Friday, December 15, 2006

Isaiah 7:10-25; Psalm 31; 2 Thessalonians 2:13-3:5; Luke 22:14-30

Having never written a devotional before, I set out thinking it shouldn’t be too bad. This is Advent, who doesn’t know the Christmas story? Then I received my readings, only to discover that Mary and Joseph weren’t even mentioned in my passages!

My initial shock having worn off, I considered the readings of today and how they fit into this season of Advent. According to the Webster’s dictionary, Advent is the arrival, especially of something momentous; the coming or birth of Christ.

The birth of Christ is indeed momentous. It’s a reminder of miracles, wonder, and love. But it’s the second part of Webster’s definition – the coming of Christ – that I wish to address. It pertains most to today’s readings, in particular 2 Thessalonians 2:13-3:5.

Paul has written a second letter of encouragement to the new believers in Thessalonica. Much like our society today, the Thessalonians were surrounded with pressures to conform to be part of a world that more often than not asks us to go against the very teachings of Christ.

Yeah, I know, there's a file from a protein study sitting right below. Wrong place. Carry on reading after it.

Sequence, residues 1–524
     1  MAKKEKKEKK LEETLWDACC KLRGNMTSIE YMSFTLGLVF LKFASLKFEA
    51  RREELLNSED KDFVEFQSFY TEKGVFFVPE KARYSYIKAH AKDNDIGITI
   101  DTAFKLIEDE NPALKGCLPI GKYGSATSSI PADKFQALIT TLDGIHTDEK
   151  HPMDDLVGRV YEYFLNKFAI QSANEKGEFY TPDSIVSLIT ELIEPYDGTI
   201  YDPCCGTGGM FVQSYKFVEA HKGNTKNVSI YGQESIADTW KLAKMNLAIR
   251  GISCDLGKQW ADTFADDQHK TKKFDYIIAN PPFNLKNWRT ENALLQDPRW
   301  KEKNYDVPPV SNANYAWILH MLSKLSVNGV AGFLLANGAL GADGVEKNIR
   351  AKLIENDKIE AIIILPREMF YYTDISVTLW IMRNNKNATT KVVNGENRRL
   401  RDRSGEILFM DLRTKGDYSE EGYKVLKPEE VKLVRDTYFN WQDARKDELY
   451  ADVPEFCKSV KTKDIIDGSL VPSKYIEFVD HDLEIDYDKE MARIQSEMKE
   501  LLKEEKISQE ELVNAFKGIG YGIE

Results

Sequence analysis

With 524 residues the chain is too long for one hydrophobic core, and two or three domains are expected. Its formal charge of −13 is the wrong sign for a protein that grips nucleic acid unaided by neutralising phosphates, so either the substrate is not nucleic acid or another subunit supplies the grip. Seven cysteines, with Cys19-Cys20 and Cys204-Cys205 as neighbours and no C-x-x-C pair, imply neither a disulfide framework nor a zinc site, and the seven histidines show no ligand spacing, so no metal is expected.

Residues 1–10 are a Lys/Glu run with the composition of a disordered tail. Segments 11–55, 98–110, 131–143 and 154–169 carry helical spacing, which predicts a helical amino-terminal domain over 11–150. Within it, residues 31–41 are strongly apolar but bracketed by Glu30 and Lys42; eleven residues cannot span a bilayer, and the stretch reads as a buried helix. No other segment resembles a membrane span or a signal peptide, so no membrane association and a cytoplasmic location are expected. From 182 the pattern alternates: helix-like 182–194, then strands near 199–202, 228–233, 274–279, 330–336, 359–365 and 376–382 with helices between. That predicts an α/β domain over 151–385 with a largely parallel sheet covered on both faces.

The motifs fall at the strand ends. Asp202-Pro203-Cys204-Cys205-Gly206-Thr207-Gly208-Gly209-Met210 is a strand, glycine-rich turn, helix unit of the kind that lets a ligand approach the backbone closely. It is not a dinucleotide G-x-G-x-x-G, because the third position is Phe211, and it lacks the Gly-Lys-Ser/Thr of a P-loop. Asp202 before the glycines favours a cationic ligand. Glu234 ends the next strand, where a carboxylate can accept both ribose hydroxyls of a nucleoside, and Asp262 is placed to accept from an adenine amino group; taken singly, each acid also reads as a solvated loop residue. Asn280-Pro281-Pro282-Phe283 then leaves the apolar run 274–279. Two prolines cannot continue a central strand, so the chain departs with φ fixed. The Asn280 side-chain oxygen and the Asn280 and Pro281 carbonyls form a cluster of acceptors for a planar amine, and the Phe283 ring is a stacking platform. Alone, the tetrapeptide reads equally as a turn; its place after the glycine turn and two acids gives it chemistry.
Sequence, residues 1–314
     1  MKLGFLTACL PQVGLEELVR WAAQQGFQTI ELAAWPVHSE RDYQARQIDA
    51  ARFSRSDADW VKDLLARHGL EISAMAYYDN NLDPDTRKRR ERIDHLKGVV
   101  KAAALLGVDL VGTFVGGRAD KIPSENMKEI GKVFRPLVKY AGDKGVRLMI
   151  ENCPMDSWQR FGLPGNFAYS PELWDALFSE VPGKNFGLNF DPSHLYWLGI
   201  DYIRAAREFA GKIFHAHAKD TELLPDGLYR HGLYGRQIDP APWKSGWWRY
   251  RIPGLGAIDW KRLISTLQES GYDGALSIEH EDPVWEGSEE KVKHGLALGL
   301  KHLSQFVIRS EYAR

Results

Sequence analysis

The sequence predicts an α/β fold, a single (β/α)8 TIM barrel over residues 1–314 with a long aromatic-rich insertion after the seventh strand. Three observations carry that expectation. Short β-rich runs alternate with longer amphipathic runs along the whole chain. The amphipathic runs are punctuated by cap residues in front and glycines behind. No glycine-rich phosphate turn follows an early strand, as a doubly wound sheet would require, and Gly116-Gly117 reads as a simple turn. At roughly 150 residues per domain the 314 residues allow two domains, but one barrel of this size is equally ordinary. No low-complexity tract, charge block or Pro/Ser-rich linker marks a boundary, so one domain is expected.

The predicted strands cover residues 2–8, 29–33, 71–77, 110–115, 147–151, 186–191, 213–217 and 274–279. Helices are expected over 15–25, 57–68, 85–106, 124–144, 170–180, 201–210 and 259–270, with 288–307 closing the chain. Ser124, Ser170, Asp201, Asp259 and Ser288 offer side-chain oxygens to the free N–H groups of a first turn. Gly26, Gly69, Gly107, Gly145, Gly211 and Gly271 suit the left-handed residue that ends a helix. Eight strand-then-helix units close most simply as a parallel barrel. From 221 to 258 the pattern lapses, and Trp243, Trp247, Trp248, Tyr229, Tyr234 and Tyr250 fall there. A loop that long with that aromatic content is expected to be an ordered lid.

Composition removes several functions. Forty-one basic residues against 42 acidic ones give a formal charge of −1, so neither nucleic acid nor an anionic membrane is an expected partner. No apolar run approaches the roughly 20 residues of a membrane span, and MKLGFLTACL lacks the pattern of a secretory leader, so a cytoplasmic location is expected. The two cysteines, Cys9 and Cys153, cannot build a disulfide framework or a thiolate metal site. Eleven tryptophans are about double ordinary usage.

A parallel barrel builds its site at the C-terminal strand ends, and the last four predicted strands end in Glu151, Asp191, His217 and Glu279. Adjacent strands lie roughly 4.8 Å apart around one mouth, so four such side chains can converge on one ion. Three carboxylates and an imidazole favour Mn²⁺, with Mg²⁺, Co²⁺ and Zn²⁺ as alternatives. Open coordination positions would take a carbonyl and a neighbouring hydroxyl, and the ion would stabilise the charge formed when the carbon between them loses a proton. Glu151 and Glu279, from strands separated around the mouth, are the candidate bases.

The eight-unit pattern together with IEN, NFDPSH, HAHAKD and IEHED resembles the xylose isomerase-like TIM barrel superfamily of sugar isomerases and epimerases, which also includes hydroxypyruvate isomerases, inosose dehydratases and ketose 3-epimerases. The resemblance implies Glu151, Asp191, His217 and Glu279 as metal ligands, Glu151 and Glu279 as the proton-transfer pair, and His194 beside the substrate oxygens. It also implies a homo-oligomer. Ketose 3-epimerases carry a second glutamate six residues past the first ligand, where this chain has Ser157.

In his letter, Paul reminds them, and ultimately us, of our eternal reward with God. He commands us to stand firm and hold to the teachings passed on to us. That can be difficult to do when our lives are so filled with busy-ness, especially as Christmas approaches.

How do we stand firm? We begin by remembering who we are – children of God. Like children, we learn through our understanding of the world around us: things we’ve seen, experienced, and read. We also learn from people who love and care for us, whose advice we may seek and whose lives influence us.

When we read the Bible, our understanding of the world and our place in it begins to take shape. Through the teachings passed down from generation to generation, God becomes known to us in a personal way. It’s his advice we seek through prayer, and it’s through prayer that a personal relationship grows. Our lives transform as we experience the unconditional love God has for us.

It’s in the very season of Advent that we see first hand that love in the gift of a child, a Savior. The very same Savior who lived among us, died for us, and who will one day come again.

“May the Lord direct your hearts into God’s love and Christ’s perseverance.” (2 Thessalonians 3:5.)

- Debbie Vereb



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